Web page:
Climate change induced displacement is a grave concern for many within the resource scarce world creating challenges for integrating an increasing number of rural migrants into cities. Khulna city, being the major regional centre of south-western Bangladesh is no exception with many climate migrants entering Khulna with very few assets and living in informal settlements.
Ashraful Alam, a final year Ph.D. student in the Department of Geography and Planning, knows that migrants and their stories are often lost when they are reduced to the ‘slum dweller’ stereotype. This stereotype informs regimes of planning that fall short of meeting the specific needs of the urban poor.
‘You cannot just call someone poor for the sake of planning,’ Ashraful said, ‘by pointing to someone’s economic vulnerability, you immediately disenfranchise them from their homes and urban spaces, and restrict their opportunities to flourish otherwise.’
Ashraful has prior training as an architect and urban planner. Through his doctoral study he wanted to bring a real change to the profession.
‘The unique intellectual environment at the Department of Geography and Planning transformed me,’ Ashraful said, ‘I’ve been exposed to a rich body of feminist, post-colonial and Australian Indigenous scholarship that is shaping my research philosophy. My supervisors gave me the freedom to rediscover myself and my research. I now see myself more as a storyteller of the margins than a top-down professional. If I tell the stories then changes will follow.’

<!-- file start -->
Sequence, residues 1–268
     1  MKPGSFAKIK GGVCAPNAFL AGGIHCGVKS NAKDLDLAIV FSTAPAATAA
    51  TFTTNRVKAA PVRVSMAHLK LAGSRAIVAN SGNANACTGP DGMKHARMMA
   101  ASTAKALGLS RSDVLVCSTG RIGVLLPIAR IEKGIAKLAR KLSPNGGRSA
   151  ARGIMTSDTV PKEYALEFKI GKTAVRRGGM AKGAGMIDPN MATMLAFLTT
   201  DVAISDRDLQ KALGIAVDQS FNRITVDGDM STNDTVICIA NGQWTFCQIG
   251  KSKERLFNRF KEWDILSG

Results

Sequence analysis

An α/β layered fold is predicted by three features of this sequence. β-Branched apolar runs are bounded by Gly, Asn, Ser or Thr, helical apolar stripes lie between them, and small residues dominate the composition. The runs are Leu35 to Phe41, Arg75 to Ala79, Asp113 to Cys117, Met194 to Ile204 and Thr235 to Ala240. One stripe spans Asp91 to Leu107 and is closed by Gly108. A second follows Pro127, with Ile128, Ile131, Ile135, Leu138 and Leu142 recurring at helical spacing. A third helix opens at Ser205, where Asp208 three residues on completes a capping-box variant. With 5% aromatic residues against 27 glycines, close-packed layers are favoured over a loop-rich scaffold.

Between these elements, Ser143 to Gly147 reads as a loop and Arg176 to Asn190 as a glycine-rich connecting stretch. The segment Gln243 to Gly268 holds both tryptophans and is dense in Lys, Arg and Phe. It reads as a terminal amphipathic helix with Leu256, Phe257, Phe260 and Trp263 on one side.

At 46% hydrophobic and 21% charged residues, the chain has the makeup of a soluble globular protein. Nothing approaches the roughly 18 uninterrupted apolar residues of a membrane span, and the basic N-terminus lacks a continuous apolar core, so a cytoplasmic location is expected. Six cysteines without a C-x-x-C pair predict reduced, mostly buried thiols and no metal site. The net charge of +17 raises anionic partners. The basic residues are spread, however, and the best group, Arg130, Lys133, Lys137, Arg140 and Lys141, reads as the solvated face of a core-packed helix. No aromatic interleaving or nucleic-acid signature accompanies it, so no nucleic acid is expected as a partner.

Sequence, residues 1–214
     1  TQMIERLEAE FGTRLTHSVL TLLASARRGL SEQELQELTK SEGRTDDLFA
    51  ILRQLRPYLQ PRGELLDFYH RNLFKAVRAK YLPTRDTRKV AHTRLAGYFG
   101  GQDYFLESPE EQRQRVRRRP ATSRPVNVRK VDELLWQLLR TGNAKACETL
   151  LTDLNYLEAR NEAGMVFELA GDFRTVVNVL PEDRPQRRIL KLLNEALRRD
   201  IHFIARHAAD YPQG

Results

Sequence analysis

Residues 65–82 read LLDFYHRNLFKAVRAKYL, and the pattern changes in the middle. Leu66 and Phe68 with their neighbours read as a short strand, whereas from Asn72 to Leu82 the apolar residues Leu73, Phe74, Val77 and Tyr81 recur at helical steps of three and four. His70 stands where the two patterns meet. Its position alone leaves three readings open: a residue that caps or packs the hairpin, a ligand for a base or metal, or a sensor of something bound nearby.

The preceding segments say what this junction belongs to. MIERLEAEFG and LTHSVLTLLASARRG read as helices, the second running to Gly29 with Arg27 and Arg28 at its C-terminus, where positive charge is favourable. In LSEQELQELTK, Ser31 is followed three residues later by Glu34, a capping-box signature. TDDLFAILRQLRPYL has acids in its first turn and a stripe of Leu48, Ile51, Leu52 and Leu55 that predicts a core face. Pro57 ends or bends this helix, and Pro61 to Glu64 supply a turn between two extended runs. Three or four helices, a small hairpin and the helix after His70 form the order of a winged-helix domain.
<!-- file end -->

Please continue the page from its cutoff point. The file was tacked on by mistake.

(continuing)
Ashraful is working on a more-than-human concept that identifies non-humans (such as, plants and animals) and non-living elements (such as, earth and water) as having vital political agency in shaping human places and practices. His work focuses on particular migrant communities that are informally sheltered on vacant land in Khulna’s urban fringes. In exchange, they take care of absentee owner’s land. Yet every now and then they face eviction.
To explore these migrants’ precarious existence, Ashraful has involved migrant women, the most vulnerable cohort, to use disposable film cameras as a method of documenting and explaining their home and homemaking practice. This method, he is publishing as ‘photo-response’, has highlighted the importance of non-humans to community wellbeing.
Ashraful’s study provides valuable insights on migrants’ locational choices in Khulna city beyond the ‘slum’ stereotype. In the absence of formal rights marginal communities have built rich connections to urban landscapes that offer emancipatory possibilities. Non-human agencies of urban land both materially and metaphorically shape migrants’ home beyond the stereotypes of the urban poor. In uncertain and informal circumstances, mobility is an important competency of homemaking through which migrant women contribute significantly in negotiating habitable spaces in cities. Ashraful’s research highlights the critical need to consider non-humans in urban political ecology and planning in order to develop more inclusive urban forms.